LA Times “Boulevard Bard”

Salty Shakespeare stages surprise performances in public, taking classics to the Venice boardwalk, the City Hall lawn — even jail (after arrest, no less).

When Shakespeare declared that “all the world’s a stage,” Nancy Linehan Charles missed the metaphor. She thought he meant it literally.

So for the last six months, she’s been taking Shakespeare to the streets, malls, buildings and beaches of Los Angeles — in pseudo-spontaneous, “flash mob”-style performances. But instead of a crowd breaking into “Thriller” on a New York City subway platform, imagine an edited, streetwise version of “A Midsummer Night’s Dream” on the Venice Beach boardwalk.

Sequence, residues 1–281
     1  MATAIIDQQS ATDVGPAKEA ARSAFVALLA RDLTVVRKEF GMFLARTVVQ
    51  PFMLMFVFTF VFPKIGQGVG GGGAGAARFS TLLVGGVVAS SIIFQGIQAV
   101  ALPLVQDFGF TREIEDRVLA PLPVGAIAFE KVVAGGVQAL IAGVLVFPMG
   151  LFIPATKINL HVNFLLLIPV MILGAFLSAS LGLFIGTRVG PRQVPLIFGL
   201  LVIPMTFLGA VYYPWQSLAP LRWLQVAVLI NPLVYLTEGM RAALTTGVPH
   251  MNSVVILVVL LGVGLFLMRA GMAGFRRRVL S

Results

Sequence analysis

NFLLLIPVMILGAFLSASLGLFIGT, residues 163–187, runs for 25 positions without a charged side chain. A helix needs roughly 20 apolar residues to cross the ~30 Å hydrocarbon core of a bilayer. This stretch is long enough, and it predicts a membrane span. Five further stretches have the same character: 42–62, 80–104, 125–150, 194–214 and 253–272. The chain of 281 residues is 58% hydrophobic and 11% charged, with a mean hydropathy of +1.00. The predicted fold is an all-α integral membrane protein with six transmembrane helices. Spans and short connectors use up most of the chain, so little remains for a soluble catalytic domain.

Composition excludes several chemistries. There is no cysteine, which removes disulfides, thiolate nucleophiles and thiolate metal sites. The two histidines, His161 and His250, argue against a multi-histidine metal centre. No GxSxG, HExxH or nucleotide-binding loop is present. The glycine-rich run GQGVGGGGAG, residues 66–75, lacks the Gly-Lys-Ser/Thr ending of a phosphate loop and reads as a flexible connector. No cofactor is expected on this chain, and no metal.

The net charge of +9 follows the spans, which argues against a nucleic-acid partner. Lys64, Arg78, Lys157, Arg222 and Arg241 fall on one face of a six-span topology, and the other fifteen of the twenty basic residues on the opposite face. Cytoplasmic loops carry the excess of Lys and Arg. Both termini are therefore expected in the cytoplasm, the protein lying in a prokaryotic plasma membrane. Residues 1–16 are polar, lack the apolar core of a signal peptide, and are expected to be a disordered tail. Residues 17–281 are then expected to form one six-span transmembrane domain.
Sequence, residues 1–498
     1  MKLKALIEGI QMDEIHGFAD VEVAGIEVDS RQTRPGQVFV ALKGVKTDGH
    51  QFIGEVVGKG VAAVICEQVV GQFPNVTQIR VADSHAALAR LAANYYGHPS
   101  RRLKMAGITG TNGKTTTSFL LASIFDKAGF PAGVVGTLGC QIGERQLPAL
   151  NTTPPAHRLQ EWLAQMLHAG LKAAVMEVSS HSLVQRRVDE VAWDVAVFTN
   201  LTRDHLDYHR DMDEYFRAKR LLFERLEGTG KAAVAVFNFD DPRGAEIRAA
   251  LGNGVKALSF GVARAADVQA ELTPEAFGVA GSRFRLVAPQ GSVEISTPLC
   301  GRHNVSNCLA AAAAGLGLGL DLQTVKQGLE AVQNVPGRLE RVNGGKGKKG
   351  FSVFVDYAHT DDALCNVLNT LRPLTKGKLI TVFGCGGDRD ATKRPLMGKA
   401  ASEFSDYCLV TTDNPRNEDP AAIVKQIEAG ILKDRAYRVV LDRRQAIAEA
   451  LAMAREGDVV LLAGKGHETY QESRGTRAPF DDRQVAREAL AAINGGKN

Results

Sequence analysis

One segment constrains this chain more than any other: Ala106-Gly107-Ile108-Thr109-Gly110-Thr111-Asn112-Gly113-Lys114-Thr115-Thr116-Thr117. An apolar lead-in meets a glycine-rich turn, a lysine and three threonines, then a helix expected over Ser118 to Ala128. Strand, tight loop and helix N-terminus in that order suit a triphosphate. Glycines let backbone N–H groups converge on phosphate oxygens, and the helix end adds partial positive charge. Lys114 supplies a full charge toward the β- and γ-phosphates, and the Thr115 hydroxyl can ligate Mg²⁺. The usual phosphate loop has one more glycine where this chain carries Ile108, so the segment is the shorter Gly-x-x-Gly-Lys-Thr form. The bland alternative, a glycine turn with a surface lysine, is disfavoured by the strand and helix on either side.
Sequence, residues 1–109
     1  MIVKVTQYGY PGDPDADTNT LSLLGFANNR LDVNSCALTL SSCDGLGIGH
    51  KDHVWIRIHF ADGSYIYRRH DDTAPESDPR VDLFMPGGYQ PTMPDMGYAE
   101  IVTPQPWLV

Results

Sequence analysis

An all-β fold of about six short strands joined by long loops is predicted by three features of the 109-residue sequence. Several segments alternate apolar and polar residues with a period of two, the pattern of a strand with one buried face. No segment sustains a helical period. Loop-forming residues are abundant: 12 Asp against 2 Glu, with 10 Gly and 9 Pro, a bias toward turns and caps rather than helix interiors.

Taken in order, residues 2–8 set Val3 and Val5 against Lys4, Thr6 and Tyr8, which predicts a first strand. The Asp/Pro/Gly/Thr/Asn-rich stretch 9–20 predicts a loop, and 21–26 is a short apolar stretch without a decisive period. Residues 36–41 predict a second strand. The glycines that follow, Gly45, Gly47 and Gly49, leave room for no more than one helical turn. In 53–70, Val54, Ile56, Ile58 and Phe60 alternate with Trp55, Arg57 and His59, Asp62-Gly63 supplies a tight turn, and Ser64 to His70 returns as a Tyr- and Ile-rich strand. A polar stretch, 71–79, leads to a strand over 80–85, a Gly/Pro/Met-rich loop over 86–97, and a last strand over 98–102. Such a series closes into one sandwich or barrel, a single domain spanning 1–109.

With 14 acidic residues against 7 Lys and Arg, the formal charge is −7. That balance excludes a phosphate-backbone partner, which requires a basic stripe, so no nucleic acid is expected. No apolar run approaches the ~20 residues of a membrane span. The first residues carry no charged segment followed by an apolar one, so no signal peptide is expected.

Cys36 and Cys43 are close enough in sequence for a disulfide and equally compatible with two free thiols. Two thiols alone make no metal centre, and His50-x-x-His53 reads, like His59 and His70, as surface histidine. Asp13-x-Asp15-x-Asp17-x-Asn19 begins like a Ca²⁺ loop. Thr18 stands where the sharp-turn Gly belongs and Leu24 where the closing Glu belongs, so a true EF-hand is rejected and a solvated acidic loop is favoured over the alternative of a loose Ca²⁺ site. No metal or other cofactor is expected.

The comedy was the debut performance of Salty Shakespeare, a ragtag, unpaid troupe of working actors under Linehan Charles’ direction who spend their free time making “like Hansel and Gretel,” as she likes to say — dropping Shakespearean bread crumbs all over Los Angeles.

The company has whispered scenes from “Hamlet” in the elevators of downtown high-rises; shouted politically trenchant lines from “Julius Caesar” and “Coriolanus” at the Occupy L.A. protest; performed for students at Santa Monica College; and even sprung a monologue from “Henry IV” on an unprepared reporter at a Barnes & Noble cafe.

Police have intervened on more than one occasion, but their involvement seems to embolden rather than deter Salty Shakespeare’s group of committed, mostly young actors. They’re fighting, Linehan Charles says, for the survival of theater itself.

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